We live in the golden age of mountain bikes and the new 2021 Specialized Stumpjumper EVO is aiming to take the crown of ‘Most Versatile Mountain Bike.’ But how does a bike differentiate in the most competitive category of mountain bikes, the trail bike, typically defined with having 130-160mm of travel? And how will it succeed in addressing many trail bike duties without being too much of a compromise?
The new EVO does it with an impressive array of engineering and vision. Below are some of the developments that define it.
2021 Specialized Stumpjumper EVO Highlights
- 150mm Rear, 160mm Front travel
- 2.5 full degrees of head tube angle adjustment, 8mm of BB height adjustment
- 15% more capacity in the SWAT door
- 6 sizes that are riding style specific, not height constrained
- Sub 30 lb weight in top-spec with a 6 lb frame
- Highly tuned DPX2 rear shock that is extremely supple and tunable
- New front and rear-specific tires and compounds
- Five models range in price from $4,099 to $9,899
Specialized is on a roll with incredible frames and components as evidenced by the latest Enduro bike with a new lower link 6-bar suspension and 170mm of front and rear 29er travel. The suspension is all-new and the packaging and spec are locked in to contend for the best bike in its burly class. So folks have been giddy with anticipation as this is trickled down to the lower travel bikes, the bikes that most of us can enjoy in our regular adventures. The EVO is the long-travel version of the Stumpjumper and it is being introduced first, hopefully, followed up by a new Stumpjumper soon.
The outgoing Stumpjumper EVO is a radical bike with a 63.5-degree head angle and a rear DHX2 coil shock. It was a cool idea but it may have been a little too rad for most and crossing over too much into the territory of the old Specialized Enduro. Our impressions are available here. We were very excited about this bike but it saw limited action in the fleet because it was just a bit too much bike for Santa Cruz and Bay Area trails. Often, riding dreams don’t align with day to day trail opportunities.
This new bike features an adjustable head angle with a replaceable (and included) top headset race similar to the Cane Creek Angleset.. Combined with a rear flip-chip, it offers an impressive array of 6 geometry combinations. The head angle can be adjusted from 63 to 65.5 degrees. The bottom bracket height can be adjusted 8mm as well.
Why doesn’t it have the new Enduro suspension?
A quick glance at the frame and some may be disappointed that it doesn’t sport the new Enduro lower link suspension. Many extoll that suspension’s blend of bump-eating prowess and stable and efficient climbing platform. We can attest to that as we stated in our impressions here in our Specialized Enduro Review.
But that suspension nirvana comes at a price of weight and complexity. It adds about a pound of weight, occupies storage, water bottle, and seatpost space that is precious in the modern-day rear suspension real estate puzzle. So Specialized took a long, hard look at what makes the Enduro and Demo 8 special and they pursued those qualities using the familiar right side arm suspension in the new Stumpjumper EVO suspension. Specifically, they found they could achieve a very similar Axle Path and Leverage Rate to achieve the suspension goals in a lighter, more compact package.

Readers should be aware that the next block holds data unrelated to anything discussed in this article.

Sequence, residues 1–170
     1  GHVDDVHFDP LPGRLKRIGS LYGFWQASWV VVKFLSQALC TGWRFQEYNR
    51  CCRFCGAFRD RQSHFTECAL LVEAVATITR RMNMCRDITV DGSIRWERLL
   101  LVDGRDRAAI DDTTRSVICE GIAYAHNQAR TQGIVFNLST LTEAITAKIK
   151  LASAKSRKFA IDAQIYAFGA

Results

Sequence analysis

Axle Path and Leverage Rate
AXLE Path discussion
In the footsteps of its big brother Enduro, the new EVO’s axle path is tuned for bumps, roots, and rock-eating suspension travel. The axle moves rearward in the first third of travel, and then vertically in the mid-travel before arcing to a forward trajectory near bottom out. The initial rearward axle path movement is what delivers that unique ‘no hang-up’ ride during washboard descends. The bike feels like it’s accelerating when it’s really just maintaining speed, breaking the mold of what we’re accustomed to. As the bike moves deeper into its travel, where pedaling seldom done, the forward axle path disconnects chain forces from pedaling forces, allowing the suspension to independently compress in response to input from the trail.
Leverage Rate like big brother’s
Much has been learned from the Enduro’s rear suspension leverage rate so the EVO follows suit. This delivers small bump sensitivity, mid-stroke support, and a compliant but controlled full travel when at the limit on the big flat or cased landings. The tuned leverage rate also makes it easier to refine the shock to match the kinematics. It feels like many different suspensions in one. And with the rearward axle path, it even pedals up hills with enthusiasm.
Six different geometries
The Cane Creek Angleset is nothing new and it has proven effective. But the difference here is it’s now part of the bike, an engineered solution with full testing and warranty with the frame. And more importantly, the bike was designed for it. Every angle, length, and leverage curve has been designed and tested, resulting in a dialed, well-engineered system.
The resulting options are staggering. Six head angle options from 63 degrees to 65.5. The bottom bracket height can be adjusted by 8mm. Thus different riding styles and local terrain can be accommodated by this EVO solution.